1.8 Billion Muslims across the world celebrate Eid-ul Fitr, it is the most important festival of Muslims. Eid means festivity and celebration. It is a joyful moment for Muslims to have observed 30 days of fasting on every aspect of human life. They abstain from thinking, saying, doing bad things that hurt fellow humans, and abstaining from any intake of food or liquids from sun-up to sun-down. It is time to celebrate a successful month of training in becoming an excellent disciplined human being.
It is purifying oneself bodily by getting rid of the toxins and spiritually by shedding the arrogance and feeling as equals with fellow humans. Spirituality is not wearing certain clothes but feeling that we are merely a speck in the universe; we simply one in 8 billion people. It is a great feeling to have. Humility builds bridges among fellow humans, and arrogance destroys.
Festivals are expressions of joy. Religious societies have designed the festivities to bring people together. Holi, Diwali, Ramadan, Bakrid, Christmas, Easter, Paryushana, Rosh Hashana, and Jayanthies. Then we have the civil society festivities, designed for the same purpose as the New Year, July 4th, Thanksgiving, and so many other days. In India, we celebrated all festivals together, and I hope that tradition begins here in the diaspora communities.
When we live as neighbors or live in the same town, we might as well learn about each other. The best way to build secure, cohesive societies is for its members to understand each other’s sorrows and joys, and festivities and commemorations.
It is this good feeling that Muslims celebrate or reward themselves on Eid.
This year, the Indian Muslims have much more to feel good about being a good caring human being. My Hindu friend today pointed out that the Sikhs and Muslims trained to serve fellow humans. He said it is in-built in them; they don’t need the Gurdwara or the Mosque to organize things for them.
A few of them gather on their own and serve fellow humans. Since covid started taking tolls on human life, Muslims in India have taken the responsibility to perform the last rites of dead bodies of Hindus and others, as the families of the deceased persons did not want to touch or be near them. There are thousands of such cases, including a few BJP leaders who died; a few examples are here in this link. https://gooddeeds.info/category/funerals/ and https://Youtube.com/GoodDeedsbyMuslims.
Eid Begins with Chand Raat.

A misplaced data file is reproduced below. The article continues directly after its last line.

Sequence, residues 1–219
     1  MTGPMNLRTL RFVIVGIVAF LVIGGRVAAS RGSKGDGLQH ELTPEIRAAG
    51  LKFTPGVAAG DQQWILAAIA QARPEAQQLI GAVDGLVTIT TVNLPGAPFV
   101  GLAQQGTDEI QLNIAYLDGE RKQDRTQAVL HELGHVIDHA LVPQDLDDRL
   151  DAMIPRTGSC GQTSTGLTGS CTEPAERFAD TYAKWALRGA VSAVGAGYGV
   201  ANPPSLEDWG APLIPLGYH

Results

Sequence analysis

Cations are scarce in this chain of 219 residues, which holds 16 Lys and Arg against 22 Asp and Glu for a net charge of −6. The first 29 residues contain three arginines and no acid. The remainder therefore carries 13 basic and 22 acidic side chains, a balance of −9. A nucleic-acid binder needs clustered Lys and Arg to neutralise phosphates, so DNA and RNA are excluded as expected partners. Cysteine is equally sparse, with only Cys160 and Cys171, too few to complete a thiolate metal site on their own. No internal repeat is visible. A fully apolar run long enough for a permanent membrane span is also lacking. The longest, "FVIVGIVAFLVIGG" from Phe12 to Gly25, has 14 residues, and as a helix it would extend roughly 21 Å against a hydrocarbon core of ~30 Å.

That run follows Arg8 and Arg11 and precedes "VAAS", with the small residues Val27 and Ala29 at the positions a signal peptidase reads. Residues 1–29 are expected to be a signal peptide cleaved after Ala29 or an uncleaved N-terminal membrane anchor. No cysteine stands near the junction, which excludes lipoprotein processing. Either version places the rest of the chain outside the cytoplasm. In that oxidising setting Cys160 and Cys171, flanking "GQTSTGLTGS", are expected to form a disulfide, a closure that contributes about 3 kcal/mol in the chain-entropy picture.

The moon cycle is 28, 29, or 30 days. After observing 28 days of fasting, Muslims will start looking for the appearance of the moon. Once it is spotted – Chand Raat and festivities begin, shops open up, and people go on a buying frenzy. It is like shopping for Diwali or Christmas at the last minute. It is a joyous moment.
Also, most of the perishable items for cooking had to be purchased a day earlier, determined by moon sighting. It is a tradition as refrigeration was not available in South Asia until 50 years ago. Nasa predicts the moon sighting accurately, but tradition is tradition (the song in the movie Fiddler on the roof).
I am sharing the practice in South Asia: India, Pakistan, Bangladesh, Maldives, Nepal, and Sri Lanka with some variations.
Women and girls gather up from the neighborhood and do the Mehendi/Henna on their hands and feet. The men and boys will have few spots on their hands. It is not a religious thing but a part of the culture.
One of the first things Muslims do is meet their obligation towards needy fellow humans and pay their dues.
Wearing new clothes is always a celebration, particularly for children. It is one reason people donate to families in advance so the have-nots can also feel the festival. Eid multiplies when everyone around you is happy, and it behooves us to ensure that it happens.
Before the Eid gathering (usually) around 9 AM, every Muslim who possesses food and funds over their needs donates to charity to help the needy. It is called Fitra or Fitrana. It is about $5 in the United States, and you can multiply that by 3 million going into the pot for the deserving. There is no ceiling to give, but one must give. That is how we help the needy. But most people pay it out much earlier.